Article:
LGIM announces further divestment under climate pledge

Legal & General Investment Management (LGIM) has announced plans to divest from four companies due to insufficient action to address the risks posed by climate change, whilst a further nine companies will remain on the group's exclusion list.

Announced as part of the group’s Climate Impact Pledge report, LGIM will divest its holdings in Industrial and Commercial Bank of China, AIG, PPL Corporation and China Mengniu Dairy for unsatisfactory responses to engagement, or breaches of red lines, around coal involvement, carbon disclosures, and deforestation.

In addition to this, China Construction Bank, MetLife, Japan Post, KEPCO, ExxonMobil, Rosneft, Sysco, Hormel and Loblaw have all remained on the group’s existing exclusion list, having not yet taken the action required to warrant re-reinstatement.

Kroger, however, which was previously on LGIM’s exclusion list, will be reinstated in relevant funds following improvements in its deforestation policies and disclosure, as well as efforts to promote plant-based products which have a lower climate impact.

LGIM also said that it had been “encouraged by the progress made” through its deeper engagement campaign over the past year, with nearly three-quarters of the 58 companies responding to the engagement campaign, and 13 now having a net-zero target in place.

More broadly, LGIM noted that whilst full compliance with it's minimum climate standards is “rare”, the net-zero momentum has gathered pace, with the number of companies setting net-zero targets nearly double what it was in October 2020.

Alongside the engagement campaign, LGIM also confirmed that, during the 2021 proxy season, it subjected 130 companies to voting sanctions, with banking insurance, real estate, technology and telecoms sectors the most highly sanctioned through votes.

Commenting on the plans, LGIM chief executive officer and UK government COP26 Business Leaders Group co-chair, Michelle Scrimgeour, said: “Climate change is one of the most critical sustainability issues we face and we fully support efforts to align the global financial system with a pathway well below 2°C.

“We have made a strong commitment to push forward this agenda across the different parts of the investment chain, from our engagement with companies and policymakers through to our own investment process and LGIM’s own commitment to net zero.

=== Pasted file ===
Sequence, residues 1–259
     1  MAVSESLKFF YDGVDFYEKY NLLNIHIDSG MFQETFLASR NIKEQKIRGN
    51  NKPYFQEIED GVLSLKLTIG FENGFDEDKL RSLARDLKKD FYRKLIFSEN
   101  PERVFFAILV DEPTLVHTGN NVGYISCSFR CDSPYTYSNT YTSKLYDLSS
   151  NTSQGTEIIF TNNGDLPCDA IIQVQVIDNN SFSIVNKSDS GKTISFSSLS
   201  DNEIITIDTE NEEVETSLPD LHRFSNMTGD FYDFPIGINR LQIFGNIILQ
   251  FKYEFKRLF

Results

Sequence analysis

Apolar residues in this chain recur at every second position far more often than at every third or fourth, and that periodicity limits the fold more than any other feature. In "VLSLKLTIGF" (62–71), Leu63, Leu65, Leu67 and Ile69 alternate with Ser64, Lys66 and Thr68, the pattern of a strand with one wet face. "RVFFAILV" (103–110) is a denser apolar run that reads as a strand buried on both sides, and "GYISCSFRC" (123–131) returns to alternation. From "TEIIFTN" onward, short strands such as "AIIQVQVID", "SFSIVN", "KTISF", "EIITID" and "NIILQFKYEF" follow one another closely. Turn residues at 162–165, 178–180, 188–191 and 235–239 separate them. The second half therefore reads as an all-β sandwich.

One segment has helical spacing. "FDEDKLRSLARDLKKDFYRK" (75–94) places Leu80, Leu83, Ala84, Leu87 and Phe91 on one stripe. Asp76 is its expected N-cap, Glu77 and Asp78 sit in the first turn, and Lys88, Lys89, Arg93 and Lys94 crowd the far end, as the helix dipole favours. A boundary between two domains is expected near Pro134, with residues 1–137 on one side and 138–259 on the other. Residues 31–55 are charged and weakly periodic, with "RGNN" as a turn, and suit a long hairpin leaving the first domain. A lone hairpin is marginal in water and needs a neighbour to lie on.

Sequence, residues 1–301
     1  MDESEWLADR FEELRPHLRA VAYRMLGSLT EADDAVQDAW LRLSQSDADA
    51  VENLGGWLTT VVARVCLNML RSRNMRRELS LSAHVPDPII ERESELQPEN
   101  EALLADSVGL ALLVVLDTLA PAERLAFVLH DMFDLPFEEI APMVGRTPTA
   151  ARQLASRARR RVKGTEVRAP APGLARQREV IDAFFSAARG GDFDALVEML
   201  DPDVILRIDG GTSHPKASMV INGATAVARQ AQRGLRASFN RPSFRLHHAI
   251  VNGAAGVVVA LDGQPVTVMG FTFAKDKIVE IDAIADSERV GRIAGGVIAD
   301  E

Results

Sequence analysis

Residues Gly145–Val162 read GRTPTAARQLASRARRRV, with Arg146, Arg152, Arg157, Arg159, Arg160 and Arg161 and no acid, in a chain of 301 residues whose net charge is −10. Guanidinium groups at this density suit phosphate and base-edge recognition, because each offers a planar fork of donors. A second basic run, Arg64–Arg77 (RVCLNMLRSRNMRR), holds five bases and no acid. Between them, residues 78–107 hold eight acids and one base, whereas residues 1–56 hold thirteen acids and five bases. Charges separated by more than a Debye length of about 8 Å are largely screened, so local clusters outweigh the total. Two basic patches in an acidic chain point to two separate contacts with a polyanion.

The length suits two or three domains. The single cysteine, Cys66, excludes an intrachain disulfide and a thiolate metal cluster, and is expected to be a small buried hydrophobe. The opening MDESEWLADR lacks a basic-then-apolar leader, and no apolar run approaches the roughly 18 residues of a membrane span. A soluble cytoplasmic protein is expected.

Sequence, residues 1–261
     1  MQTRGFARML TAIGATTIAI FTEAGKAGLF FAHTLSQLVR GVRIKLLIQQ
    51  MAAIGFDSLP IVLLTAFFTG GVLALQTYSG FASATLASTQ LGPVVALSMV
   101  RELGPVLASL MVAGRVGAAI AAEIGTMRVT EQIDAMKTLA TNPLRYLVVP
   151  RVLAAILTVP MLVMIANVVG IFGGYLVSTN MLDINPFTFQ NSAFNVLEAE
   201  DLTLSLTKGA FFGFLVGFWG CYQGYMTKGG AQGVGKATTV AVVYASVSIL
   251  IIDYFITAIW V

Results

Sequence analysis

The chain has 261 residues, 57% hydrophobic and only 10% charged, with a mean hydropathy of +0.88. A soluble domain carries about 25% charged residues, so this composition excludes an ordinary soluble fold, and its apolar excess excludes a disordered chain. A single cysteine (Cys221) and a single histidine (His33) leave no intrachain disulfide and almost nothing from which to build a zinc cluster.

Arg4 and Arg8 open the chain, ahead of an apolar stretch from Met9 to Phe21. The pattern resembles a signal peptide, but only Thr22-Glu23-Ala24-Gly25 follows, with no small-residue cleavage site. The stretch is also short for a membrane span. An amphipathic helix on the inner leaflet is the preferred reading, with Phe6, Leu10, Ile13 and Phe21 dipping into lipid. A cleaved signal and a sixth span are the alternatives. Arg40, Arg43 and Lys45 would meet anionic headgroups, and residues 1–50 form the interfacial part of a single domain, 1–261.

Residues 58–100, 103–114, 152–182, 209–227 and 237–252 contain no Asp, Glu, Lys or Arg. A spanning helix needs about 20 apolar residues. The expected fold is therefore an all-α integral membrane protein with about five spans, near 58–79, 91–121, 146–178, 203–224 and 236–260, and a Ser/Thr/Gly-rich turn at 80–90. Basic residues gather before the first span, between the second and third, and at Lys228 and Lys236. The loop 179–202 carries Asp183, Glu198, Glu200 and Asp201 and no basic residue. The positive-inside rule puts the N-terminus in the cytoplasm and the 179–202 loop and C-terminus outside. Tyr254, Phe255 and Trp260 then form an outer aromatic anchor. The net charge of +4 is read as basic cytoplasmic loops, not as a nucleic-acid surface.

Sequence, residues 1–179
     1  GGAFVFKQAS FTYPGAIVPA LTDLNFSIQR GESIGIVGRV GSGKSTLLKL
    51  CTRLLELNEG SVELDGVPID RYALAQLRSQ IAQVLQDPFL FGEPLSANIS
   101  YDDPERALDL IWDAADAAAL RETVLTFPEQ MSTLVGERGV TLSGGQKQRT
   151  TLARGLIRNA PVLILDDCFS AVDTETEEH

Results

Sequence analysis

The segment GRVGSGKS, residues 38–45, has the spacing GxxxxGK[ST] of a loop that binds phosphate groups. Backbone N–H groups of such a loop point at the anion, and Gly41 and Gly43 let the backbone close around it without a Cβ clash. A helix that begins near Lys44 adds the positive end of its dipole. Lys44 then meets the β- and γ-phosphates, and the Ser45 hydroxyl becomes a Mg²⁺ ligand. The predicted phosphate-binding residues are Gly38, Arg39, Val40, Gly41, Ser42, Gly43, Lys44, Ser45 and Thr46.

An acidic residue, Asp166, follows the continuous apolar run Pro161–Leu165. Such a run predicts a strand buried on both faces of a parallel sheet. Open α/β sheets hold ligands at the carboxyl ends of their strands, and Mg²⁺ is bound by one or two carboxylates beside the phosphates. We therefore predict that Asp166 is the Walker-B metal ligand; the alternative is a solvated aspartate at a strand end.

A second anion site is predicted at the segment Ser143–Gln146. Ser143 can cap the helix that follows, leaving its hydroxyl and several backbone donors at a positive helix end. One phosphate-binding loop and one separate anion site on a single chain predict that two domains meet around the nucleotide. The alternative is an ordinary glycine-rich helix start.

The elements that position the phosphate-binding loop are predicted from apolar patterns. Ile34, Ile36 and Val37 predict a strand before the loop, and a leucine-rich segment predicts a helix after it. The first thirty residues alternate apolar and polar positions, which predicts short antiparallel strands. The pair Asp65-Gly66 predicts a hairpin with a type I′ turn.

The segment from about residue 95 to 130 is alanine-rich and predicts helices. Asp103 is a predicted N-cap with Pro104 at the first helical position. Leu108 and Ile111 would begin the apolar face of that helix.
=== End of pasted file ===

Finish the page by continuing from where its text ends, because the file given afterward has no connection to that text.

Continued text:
“Participating in forums like the COP26 Business Leaders Group, ahead of the pivotal climate conference in Glasgow later this year, has emphasised the necessity of coordinated action to address climate risk and steer society towards a sustainable future.

"Progress cannot be made by acting in isolation and we, as investors, have a real role to play in the responsible allocation of capital and acting as stewards to our investee companies to encourage greater progress to meet our overall sustainability goals.

“In the past year I have seen multiple ways in which we at LGIM are tackling the climate change challenge – coming together in forums such as this, as well as the Net Zero Asset Managers Alliance launched in December and most recently the Glasgow Financial Alliance for Net Zero.”

LGIM senior sustainability Analyst, Yasmine Svan, also noted that improvements in data and analytics have allowed the group to increase its coverage and enforce what it considers to be minimum standards with regards to climate risk management.

“At the same time, as investors step up their scrutiny of companies, so too are companies raising their ambitions," she stated.

“We are pleased to be able to add to the number of companies reinstated in our funds following progress and will continue our engagement and collaboration to help increase overall standards across markets.”

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